You can now find your school district’s funding breakdown. Texas’ school finance system is a complex series of formulas that determine how much local and state funding goes to public schools. Since IDRA’s founding in 1973, IDRA has worked to make public school funding transparent and accessible. This month, we launched our new Texas School Finance Data Dashboards. The dashboards model the state and local funds that flow to each school district by Texas county and education service center region.
The first three dashboards are available now:
- The State versus Local Share Dashboard compares the portion of state versus local funding to school districts.
- The Texas Bilingual Education Funding Dashboard shows the amount of bilingual education dollars from the state, including the new dual language allotment, going to school districts.
- The Texas Special Education Funding Dashboard shows special education funding from the state for each Texas school district.
IDRA will release more dashboards and detailed analyses over the course of the legislative session this spring.
In the meantime, here are five things to know about Texas school finance.
1. School funding is based on student attendance. The Texas formula uses a school’s average daily attendance (ADA) to calculate additional weighted funds based on student and district characteristics, which creates the “weighted ADA” or WADA. This is the building block for the school finance formula and drives the amount of funds school districts receive to serve their students. Given school enrollment declines during the pandemic, schools need to have extended hold harmless funding (based on last year’s attendance) to get through this school year and to prepare for the next.
Even with the monies provided through HB 3, the lack of equitable and adequate funding for excellent public schools continues to be a central civil rights concern.
2. School funding is still a matter of where you live. With state funds provided through House Bill 3 (passed in 2019), high property-wealth school districts can tax residents at lower rates, while poorer school districts have to tax at higher rates to get the same funding. Residents in low property-wealth school districts actually pay more in school taxes relative to their tax base. This is an ongoing source of inequity in the state school finance system.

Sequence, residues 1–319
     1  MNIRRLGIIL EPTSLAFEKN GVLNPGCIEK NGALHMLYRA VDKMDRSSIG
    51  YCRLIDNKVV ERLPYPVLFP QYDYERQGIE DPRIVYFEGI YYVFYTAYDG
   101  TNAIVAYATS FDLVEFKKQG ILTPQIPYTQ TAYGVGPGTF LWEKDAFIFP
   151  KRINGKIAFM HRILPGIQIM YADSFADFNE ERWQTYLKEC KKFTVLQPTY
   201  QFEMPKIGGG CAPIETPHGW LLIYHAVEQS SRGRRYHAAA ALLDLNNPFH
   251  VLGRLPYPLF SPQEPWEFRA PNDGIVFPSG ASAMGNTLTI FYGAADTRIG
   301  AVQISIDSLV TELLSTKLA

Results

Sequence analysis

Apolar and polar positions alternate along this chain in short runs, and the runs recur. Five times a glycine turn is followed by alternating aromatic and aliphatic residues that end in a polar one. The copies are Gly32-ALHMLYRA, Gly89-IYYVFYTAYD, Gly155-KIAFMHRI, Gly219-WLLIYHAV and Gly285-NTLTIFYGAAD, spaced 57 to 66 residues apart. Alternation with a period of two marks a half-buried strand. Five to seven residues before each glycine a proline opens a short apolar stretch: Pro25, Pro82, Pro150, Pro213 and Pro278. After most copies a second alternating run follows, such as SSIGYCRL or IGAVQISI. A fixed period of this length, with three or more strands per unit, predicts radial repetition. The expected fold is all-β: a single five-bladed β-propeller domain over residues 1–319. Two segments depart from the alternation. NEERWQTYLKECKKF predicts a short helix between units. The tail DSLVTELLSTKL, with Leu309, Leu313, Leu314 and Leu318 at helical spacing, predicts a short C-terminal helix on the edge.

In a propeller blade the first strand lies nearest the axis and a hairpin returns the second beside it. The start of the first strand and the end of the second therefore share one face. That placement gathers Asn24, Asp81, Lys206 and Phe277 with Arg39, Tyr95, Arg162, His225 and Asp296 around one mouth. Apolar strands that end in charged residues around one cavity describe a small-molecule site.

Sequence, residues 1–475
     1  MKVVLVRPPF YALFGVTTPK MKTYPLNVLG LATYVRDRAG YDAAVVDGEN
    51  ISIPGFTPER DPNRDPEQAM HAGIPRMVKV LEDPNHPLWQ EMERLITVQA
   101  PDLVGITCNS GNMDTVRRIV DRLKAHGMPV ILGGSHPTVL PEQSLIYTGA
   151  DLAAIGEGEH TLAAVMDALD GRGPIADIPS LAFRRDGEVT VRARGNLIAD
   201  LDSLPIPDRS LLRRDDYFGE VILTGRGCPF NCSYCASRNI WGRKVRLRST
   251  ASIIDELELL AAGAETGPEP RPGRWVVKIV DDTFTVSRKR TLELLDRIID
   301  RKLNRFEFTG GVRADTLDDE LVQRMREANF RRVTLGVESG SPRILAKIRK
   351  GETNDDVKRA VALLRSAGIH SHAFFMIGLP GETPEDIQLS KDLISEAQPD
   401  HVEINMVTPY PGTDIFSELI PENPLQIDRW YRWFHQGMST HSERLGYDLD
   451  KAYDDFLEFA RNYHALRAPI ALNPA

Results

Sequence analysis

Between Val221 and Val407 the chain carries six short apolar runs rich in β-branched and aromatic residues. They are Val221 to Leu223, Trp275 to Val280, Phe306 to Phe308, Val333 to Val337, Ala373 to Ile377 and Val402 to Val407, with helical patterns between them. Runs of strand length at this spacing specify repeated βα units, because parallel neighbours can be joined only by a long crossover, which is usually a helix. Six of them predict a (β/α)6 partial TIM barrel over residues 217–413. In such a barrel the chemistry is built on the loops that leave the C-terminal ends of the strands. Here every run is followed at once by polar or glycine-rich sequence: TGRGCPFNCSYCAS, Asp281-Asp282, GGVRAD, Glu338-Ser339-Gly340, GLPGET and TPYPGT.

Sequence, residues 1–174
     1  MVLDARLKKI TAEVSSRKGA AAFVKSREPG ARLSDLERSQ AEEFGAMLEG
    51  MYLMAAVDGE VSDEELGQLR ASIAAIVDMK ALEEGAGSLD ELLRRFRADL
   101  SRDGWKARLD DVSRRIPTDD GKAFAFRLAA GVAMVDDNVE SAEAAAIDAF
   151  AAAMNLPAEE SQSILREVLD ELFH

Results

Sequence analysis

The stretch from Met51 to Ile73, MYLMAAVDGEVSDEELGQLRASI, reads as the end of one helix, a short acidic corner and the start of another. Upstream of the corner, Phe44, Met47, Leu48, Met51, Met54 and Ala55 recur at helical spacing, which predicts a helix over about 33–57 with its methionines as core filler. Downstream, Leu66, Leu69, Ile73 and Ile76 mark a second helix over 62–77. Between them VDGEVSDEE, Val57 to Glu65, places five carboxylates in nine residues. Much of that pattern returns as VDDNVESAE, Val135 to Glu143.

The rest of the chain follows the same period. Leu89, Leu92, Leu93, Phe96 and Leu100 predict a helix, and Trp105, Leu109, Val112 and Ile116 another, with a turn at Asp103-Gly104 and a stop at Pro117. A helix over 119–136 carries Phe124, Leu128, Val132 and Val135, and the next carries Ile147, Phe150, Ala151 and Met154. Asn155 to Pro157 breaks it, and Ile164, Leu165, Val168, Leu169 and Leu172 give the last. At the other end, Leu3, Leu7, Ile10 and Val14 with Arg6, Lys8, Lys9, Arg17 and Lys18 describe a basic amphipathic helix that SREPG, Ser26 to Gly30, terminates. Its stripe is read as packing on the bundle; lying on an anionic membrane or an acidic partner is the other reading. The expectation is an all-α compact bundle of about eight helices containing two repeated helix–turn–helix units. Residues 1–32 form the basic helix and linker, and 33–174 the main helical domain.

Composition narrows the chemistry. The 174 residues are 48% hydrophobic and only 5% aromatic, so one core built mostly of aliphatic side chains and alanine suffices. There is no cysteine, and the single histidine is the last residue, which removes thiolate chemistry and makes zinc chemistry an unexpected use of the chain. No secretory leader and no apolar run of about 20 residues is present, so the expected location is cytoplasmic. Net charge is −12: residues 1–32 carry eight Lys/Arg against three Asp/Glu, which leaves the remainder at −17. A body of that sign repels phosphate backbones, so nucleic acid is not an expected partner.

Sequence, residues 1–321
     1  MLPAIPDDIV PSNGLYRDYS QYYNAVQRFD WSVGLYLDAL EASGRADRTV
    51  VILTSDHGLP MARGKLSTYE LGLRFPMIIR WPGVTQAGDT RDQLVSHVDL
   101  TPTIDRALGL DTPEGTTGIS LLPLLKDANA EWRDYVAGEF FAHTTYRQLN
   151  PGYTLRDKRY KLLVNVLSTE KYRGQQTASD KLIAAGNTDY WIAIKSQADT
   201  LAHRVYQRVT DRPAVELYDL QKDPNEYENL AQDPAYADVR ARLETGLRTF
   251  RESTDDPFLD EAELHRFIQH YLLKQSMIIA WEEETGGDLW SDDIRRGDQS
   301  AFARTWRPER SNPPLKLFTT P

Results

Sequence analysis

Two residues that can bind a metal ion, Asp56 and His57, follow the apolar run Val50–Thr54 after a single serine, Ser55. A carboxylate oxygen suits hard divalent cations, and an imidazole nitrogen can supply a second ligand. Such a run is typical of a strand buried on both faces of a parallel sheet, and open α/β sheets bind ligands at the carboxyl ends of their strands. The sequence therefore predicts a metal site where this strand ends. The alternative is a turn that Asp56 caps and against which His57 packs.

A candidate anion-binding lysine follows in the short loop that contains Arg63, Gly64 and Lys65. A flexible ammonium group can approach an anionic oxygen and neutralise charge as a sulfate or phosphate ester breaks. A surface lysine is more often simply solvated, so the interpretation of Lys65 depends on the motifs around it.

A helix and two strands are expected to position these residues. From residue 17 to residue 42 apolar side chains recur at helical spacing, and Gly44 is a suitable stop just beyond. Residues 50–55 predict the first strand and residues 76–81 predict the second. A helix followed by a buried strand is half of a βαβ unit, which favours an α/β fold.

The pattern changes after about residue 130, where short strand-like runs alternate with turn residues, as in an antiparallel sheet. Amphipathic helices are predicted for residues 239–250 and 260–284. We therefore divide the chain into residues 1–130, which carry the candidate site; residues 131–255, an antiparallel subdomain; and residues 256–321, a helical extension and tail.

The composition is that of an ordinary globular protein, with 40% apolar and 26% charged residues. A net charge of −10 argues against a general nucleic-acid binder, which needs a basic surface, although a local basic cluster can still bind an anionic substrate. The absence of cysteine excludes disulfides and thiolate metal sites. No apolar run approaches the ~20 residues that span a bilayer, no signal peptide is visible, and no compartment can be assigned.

3. Only one in five emergent bilingual (English learner) students is served in a dual language bilingual education program. The new dual language allotment established in 2019 serves only one fifth of emergent bilingual students but takes up more than one third of the total bilingual education allotment. The bilingual education allotment is an important tool to protect the civil rights of emergent bilingual students. We must make sure that funds flow to educating the students who need it most.
4. Over 10% of Texas students receive special education services. State funding for special education increased under HB 3, but is still not at the level needed. Students receiving these services require immediate educational assistance due to the pandemic.
5. Public schools remain underfunded. Though the legislature invested $6.5 billion in new funds for the school finance system in 2019 through HB 3, it barely made up for the education cuts state leaders made in 2011. Since then, schools have experienced rising enrollment and increasing costs to provide a basic education, though the state does not adjust for inflation. State lawmakers should make adjustments to safeguard the future of education for Texas children.
Even with the monies provided through HB 3, the lack of equitable and adequate funding for excellent public schools continues to be a central civil rights concern (Craven, 2019). See IDRA’s Texas priority brief, “Fair Funding for Strong Public School Education,” for more information and recommendations for the Texas legislature.
Calabrese Barton, A., & Tan, E. (2020). Beyond Equity as Inclusion: A Framework of “Rightful Presence” for Guiding Justice-oriented Studies in Teaching and Learning, Educational Researcher.
Craven, M. (June-July 2019) Texas Legislature Concentrates on School Funding, IDRA Newsletter.
IDRA. (2021). Fair Funding for Strong Public School Education – IDRA Texas Priority Brief. IDRA.
Moore-Mensah, F. (2020). “A need for anti-racist/abolitionist science teaching,” presentation.
Bricio Vasquez, Ph.D., is IDRA’s education data scientist. Comments and questions may be directed to him via email at firstname.lastname@example.org. Chloe Latham Sikes, Ph.D., is IDRA’s deputy director of policy. Comments and questions may be directed to her via e-mail at email@example.com.
[©2021, IDRA. This article originally appeared in the January 2021 IDRA Newsletter by the Intercultural Development Research Association. Permission to reproduce this article is granted provided the article is reprinted in its entirety and proper credit is given to IDRA and the author.]